There is another book out by Russell, "City of Strangers," but that one heads to New York, not exactly a mysterious location for a decades-long resident of this great city. I was hoping for a city I could go scurrying through the Internet to read about more.

    Speaking of looking up more information, Nicole Mones' "A Night in Shanghai," did that for me. It's set in 1937-1941 Shanghai. It was quite a city and harbored thousands of Jews who fled from Europe, as well as African-American jazz musicians.

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    1. You sound like the ideal reader for this book, Kathy. I found the history absolutely fascinating. I will look up the book you mention - Shanghai always sounds like a fascinating place, and my daughter spent a summer there recently, so I would like to know more.

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  6. A Night in Shanghai was fascinating to me. Lots of interesting history. Nicole Mones did good research, and her Afterword is good, too.

    I didn't know that Black musicians from the U.S. went to Shanghai to perform. At the time of horrible discrimination and segregation in the U.S., these jazz musicians were able to earn equal salaries and live reasonably well -- until Japan's army invaded. Hope you find this book.

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  7. Glen has this book and has not read it. I will probably wait until he does to try it. I did not realize it was quite so long, which may be why he has not gotten to it yet. Definitely a time period we are interested in.

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    1. It's one of your interests I know, the run-up to the war, and I think you would find it a good read. I would like to read more in this series, but I don't know when I'll get to them. I am trying to reduce the TBRs and not buy more right now....

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  8. I ponder if there is a 12-step program to deal with huge and growing TBR piles, not to mention lists. As much as I try to keep the growth to a dull roar, books appear as if by magic.

    At the same time, bloggers write great reviews and one wants to read the books, so one heads to the library. But they are not great at ordering global books, except by bestselling authors, so one ends up buying books.

    I think another mindset is needed, but am not sure what that would be!

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    1. Short-term embargos are the only way for me - I tell myself 'well when August is over if you still want it you can get it then', and I have to say I have a small list already. But, the satisfaction I've had from reducing a shelf this month is huge. I wish I'd photographed the shelf the day I started for my own satisfaction....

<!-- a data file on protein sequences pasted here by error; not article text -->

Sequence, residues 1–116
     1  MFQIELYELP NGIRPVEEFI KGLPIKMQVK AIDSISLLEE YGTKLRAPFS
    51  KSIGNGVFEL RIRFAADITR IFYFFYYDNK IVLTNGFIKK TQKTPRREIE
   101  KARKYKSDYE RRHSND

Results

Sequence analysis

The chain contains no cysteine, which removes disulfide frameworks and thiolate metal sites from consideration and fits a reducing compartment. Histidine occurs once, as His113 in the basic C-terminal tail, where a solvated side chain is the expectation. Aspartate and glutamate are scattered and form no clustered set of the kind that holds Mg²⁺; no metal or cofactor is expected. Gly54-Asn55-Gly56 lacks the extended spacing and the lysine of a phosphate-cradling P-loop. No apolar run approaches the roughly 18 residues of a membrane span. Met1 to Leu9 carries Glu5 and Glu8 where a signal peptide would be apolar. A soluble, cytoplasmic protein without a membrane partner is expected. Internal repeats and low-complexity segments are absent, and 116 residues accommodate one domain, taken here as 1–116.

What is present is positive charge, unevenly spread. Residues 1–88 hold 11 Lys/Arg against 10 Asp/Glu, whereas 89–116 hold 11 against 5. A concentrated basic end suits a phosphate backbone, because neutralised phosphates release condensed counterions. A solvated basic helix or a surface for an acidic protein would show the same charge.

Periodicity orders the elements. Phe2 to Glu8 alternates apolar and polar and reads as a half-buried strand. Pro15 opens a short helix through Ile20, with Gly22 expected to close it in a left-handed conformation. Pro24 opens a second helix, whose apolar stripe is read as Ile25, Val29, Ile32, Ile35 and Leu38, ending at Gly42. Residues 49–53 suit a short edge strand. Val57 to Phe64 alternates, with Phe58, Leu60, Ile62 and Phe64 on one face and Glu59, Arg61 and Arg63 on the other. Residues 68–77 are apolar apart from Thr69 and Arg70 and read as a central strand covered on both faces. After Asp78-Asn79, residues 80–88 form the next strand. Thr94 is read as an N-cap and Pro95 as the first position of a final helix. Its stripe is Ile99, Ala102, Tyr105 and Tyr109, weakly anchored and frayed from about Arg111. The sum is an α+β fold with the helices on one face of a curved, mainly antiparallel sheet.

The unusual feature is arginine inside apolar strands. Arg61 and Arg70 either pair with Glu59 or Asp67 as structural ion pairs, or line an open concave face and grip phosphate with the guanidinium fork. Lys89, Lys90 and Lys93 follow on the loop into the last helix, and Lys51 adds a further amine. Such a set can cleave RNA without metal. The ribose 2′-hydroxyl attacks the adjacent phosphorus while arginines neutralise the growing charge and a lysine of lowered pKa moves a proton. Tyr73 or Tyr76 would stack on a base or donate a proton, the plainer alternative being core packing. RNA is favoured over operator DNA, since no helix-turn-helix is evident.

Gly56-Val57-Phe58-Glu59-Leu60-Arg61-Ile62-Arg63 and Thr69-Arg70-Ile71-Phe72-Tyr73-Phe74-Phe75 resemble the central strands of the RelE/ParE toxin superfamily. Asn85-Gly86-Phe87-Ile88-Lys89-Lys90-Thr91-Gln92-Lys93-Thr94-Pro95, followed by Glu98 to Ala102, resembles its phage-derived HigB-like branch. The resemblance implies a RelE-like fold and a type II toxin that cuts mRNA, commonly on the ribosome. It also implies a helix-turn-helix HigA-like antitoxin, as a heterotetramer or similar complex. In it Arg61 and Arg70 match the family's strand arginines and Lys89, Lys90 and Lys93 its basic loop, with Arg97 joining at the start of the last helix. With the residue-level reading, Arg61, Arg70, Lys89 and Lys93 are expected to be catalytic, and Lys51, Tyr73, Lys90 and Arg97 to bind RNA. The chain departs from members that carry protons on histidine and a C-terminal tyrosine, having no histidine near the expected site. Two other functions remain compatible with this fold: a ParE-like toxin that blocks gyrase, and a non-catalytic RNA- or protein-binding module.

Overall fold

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    2. I am going to have to try that approach. Short term total embargo might work much better than long term limits on books coming in.

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    3. I think small ambitions are best for me... I've been reading about the idea of hackathons applied to everyday life, have you come across that? It seemed like a good idea to me, hence the August book attack.

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    4. I have not heard of hackathons. Taking that approach in other areas sounds interesting. I despair when I keep adding new authors and books even to a list, though, because I will never catch up. I guess I should change my attitude and be glad there are so many books waiting to be read someday.

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    5. I like the idea of identifying a small problem area, and a small piece of time, and putting the two together. I know that larger aims tend to be harder to achieve, but the month-long tasks suit me. I have done something different each month this summer....

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    6. Wow, that sounds like a great idea. I will have to let that percolate a while.

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    7. It might not work for everybody, but it works for me Tracy.

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  9. I haven't purchased books lately, but I have six from the library, and a kind blogger/reader sent me four. And I took back Kate Atkinson's Life after Life from a neighbor to whom I'd loaned it.

    So with not one purchase, the piles have grown. And there are several I'd like to read but the library doesn't have them -- so I hit the credit card from myself.

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    1. Oh dear Kathy - I know just what you mean. And I've had a couple of books arrive on backorder, and a couple from a publisher, so my embargo wasn't total... More reading time is what's needed.